The intent-to-treat (ITT) population was defined as all patients who underwent randomization. The safety population was defined as all patients receiving ≥1 dose of sc IFN beta-1a, and the per-protocol population was defined as all patients in the ITT population, excluding those who had ≥1 major protocol deviation. ‘All patients’ denotes all patients who provided informed consent. As this study was not hypothesis testing, only descriptive statistics are reported.
Effect sizes were calculated to reflect an estimate of clinically meaningful differences in MSTCQ scores between baseline and week 4. These effect sizes were calculated as mean change from baseline/standard deviation at baseline.12 Effect sizes were classified as follows: a value ≥0.2, <0.5: small effect; a value ≥0.5, <0.8: moderate effect; a value ≥0.8: large effect.11 Positive or negative values in effect size indicate only the direction of the change in score. A negative change in MSTCQ score indicates an improvement.
A total of 123 patients gave informed consent; 117 were included in the trial and randomized to the PI (n = 60) or the I PRN (n = 57) group. Of the 117 patients enrolled, 109 (93.2%) completed the study. Four patients (6.7%) in the PI group withdrew prematurely: 3 due to protocol violations and 1 withdrew consent. Four patients (7.0%) in the I PRN group withdrew from the study: 1 patient was lost to follow-up, 1 patient withdrew due to AEs (injection-site hematoma), and 2 others withdrew due to ‘other’ reasons (‘severe migraine’, and an ‘MS attack treated with steroids’, respectively).
Patient baseline demographic characteristics were largely similar between the two groups (Table 1), although there was a higher proportion of female patients in the PI group than in the I PRN group (80.0% and 70.2%, respectively). Prior exposure to the previous formulation of sc IFN beta-1a was slightly higher in the I PRN group. Median duration of treatment was 26.5 (range 4–97) months in the PI group and 33.9 (range 4–96) months in the I PRN group. Four patients randomized to the PI group mistakenly took ibuprofen PRN on study day 1, and another 4 patients randomized to the I PRN group mistakenly took preventative ibuprofen on study day 1. These 8 patients were therefore included in the safety population according to how they administered ibuprofen treatment on study day 1.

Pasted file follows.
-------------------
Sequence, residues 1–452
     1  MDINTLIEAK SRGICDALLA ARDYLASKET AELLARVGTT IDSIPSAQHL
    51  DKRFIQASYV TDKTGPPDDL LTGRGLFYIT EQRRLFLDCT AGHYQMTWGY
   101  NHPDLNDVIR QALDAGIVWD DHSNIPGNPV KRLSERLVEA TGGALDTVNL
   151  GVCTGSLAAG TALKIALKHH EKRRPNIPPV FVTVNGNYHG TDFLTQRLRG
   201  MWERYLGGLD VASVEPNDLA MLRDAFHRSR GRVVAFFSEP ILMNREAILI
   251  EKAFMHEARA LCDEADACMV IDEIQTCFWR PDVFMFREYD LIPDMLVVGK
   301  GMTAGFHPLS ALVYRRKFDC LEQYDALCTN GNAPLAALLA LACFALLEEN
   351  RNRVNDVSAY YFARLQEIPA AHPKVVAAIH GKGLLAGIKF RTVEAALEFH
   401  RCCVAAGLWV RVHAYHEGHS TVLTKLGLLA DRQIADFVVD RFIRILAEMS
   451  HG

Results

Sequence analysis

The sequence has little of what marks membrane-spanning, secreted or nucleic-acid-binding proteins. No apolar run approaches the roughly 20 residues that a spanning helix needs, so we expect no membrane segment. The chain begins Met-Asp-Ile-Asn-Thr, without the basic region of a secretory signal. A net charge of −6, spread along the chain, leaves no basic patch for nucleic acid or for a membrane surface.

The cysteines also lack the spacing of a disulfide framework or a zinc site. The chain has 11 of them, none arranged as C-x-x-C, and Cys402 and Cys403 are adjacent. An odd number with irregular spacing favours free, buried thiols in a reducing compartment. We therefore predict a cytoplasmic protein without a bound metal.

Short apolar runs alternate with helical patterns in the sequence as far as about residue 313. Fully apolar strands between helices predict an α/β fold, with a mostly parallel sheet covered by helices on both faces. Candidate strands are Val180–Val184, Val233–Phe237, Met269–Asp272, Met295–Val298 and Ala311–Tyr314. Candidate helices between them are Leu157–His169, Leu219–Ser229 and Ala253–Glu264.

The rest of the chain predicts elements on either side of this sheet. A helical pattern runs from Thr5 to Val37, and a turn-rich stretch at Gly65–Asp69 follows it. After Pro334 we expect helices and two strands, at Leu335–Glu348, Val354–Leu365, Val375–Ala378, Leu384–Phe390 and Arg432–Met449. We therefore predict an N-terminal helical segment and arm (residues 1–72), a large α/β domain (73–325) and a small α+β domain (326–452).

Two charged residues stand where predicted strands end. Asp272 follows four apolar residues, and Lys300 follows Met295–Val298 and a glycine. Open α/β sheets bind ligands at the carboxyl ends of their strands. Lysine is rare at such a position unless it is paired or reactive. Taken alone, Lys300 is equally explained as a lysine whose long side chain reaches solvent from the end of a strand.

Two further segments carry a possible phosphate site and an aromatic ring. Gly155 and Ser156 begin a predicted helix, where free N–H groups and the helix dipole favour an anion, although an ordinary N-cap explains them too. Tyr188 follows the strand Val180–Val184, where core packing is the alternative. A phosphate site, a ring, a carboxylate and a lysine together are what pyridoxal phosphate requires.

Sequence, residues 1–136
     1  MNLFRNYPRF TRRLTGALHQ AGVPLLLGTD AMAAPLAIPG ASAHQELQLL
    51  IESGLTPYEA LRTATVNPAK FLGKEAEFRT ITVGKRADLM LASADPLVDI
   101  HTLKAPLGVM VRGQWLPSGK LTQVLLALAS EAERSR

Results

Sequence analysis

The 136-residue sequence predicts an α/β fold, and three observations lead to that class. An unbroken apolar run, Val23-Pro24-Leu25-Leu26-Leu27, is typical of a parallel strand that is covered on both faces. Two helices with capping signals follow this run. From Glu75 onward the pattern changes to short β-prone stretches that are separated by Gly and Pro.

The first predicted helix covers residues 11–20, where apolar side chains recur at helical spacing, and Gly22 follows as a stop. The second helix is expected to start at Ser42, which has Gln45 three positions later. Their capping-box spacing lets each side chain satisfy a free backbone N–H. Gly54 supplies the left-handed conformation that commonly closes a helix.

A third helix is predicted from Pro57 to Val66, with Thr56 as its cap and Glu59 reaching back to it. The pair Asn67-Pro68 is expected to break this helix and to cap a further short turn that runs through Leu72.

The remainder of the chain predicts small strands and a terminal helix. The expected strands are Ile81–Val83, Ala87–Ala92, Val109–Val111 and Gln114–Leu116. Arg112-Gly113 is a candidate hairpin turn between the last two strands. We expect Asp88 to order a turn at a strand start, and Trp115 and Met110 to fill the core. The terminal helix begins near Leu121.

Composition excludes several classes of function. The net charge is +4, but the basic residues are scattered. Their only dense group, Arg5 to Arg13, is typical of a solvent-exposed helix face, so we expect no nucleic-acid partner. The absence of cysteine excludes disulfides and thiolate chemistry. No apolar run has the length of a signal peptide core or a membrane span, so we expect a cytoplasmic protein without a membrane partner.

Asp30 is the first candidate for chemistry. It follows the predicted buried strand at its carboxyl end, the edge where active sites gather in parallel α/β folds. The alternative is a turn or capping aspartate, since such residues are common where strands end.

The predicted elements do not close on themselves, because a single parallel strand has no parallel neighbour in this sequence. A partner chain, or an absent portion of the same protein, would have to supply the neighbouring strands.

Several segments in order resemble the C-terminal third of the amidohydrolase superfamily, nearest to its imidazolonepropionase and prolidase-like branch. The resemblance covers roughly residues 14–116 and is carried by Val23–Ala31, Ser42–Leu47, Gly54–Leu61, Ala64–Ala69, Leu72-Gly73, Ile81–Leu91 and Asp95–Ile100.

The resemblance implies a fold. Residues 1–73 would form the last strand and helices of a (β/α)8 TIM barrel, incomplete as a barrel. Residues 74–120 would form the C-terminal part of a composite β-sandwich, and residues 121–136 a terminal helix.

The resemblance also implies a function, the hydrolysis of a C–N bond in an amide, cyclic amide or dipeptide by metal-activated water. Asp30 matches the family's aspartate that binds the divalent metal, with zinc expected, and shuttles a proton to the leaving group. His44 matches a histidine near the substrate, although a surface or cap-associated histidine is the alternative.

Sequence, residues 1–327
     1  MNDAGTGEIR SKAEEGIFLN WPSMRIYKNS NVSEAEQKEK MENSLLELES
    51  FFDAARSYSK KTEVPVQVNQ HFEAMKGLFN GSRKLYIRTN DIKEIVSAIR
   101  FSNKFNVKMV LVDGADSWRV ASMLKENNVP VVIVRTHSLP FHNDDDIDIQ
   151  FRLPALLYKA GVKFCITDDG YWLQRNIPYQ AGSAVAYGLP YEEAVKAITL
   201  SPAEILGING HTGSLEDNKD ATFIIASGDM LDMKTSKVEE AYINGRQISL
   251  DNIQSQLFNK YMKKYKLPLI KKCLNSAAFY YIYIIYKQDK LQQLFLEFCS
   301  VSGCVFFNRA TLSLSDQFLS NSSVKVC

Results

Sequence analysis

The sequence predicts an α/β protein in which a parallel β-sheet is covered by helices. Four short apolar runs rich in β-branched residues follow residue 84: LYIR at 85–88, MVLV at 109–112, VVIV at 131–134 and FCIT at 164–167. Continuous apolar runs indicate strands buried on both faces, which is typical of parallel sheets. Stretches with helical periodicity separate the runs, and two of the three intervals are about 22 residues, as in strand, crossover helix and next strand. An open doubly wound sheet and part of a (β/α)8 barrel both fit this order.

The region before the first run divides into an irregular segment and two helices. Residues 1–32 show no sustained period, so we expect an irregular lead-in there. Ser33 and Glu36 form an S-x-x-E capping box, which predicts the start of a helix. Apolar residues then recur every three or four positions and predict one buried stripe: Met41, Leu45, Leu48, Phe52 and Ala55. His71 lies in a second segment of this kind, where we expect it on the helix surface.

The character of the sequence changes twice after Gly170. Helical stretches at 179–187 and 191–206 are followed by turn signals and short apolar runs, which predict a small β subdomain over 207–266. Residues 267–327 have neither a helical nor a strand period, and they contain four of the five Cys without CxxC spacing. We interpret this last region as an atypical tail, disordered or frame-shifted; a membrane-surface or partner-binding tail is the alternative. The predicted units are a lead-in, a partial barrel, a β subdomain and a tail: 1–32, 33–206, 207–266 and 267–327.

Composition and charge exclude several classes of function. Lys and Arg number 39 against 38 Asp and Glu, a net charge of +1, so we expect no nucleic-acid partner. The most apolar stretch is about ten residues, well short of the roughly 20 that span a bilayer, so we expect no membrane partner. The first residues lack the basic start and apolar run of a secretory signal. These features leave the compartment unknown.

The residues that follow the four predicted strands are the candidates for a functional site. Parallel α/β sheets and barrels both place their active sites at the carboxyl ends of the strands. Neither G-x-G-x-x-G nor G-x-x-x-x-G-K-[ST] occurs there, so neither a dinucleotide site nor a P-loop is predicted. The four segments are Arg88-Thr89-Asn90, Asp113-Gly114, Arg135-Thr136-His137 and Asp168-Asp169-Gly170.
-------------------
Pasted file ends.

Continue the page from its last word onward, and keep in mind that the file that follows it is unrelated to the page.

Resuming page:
The median number of additional doses of ibuprofen taken during the treatment period was 1 (range 0–31) in the PI group. Patients in the I PRN group took a median of 2 (range 0–24) optional doses of ibuprofen.
There was no clinically meaningful change from baseline to week 4 in the FLS domain score in either treatment arm. The mean total MSTCQ score improved between baseline and week 4 in both treatment groups and the mean scores for ISRs showed an improvement in patients’ perception of ISRs from baseline to week 4 in both groups. The mean global side-effects scores showed no worsening in patients’ perception of side effects from baseline to week 4 in either group, whereas mean scores in the injection-system satisfaction domain improved from baseline to week 4 in both treatment groups. The mean changes from baseline in the MSTCQ total score and in the individual MSTCQ domains and subscales are shown in Table 2. Where improvements were seen, the effect sizes were small to moderate.
A total of 79/116 (68.1%) patients experienced an AE in at least one of the prespecified AE categories of interest (Table 3). Most AEs were of mild or moderate severity. The AE reported most commonly was FLS: by 66.1% of patients in the PI group and by 66.7% of patients in the I PRN group. ISRs were reported in a lower proportion of patients in the I PRN group than in the PI group (3.5% and 6.8%, respectively). Table 4 shows the most common AEs during the 4-week treatment period. The safety data show that AEs were consistent with the established safety profile of sc IFN beta-1a. Fatigue, nausea, and injection-site erythema were more common in the PI group than in the IPRN group. Arthralgia, myalgia, migraine, and nasopharyngitis were all more common in the IPRN group than in the PI group. One patient in the IPRN group (1.8%) withdrew from treatment due to injection-site hematoma, and 1 patient (1.7%) in the PI group reported mild abdominal pain as an SAE. This patient was hospitalized for 4 days, after which the pain resolved and study treatment continued uninterrupted. The investigator assessed the event as unlikely to be related to sc IFN beta-1a treatment and indicated that it may have been psychosomatic in origin.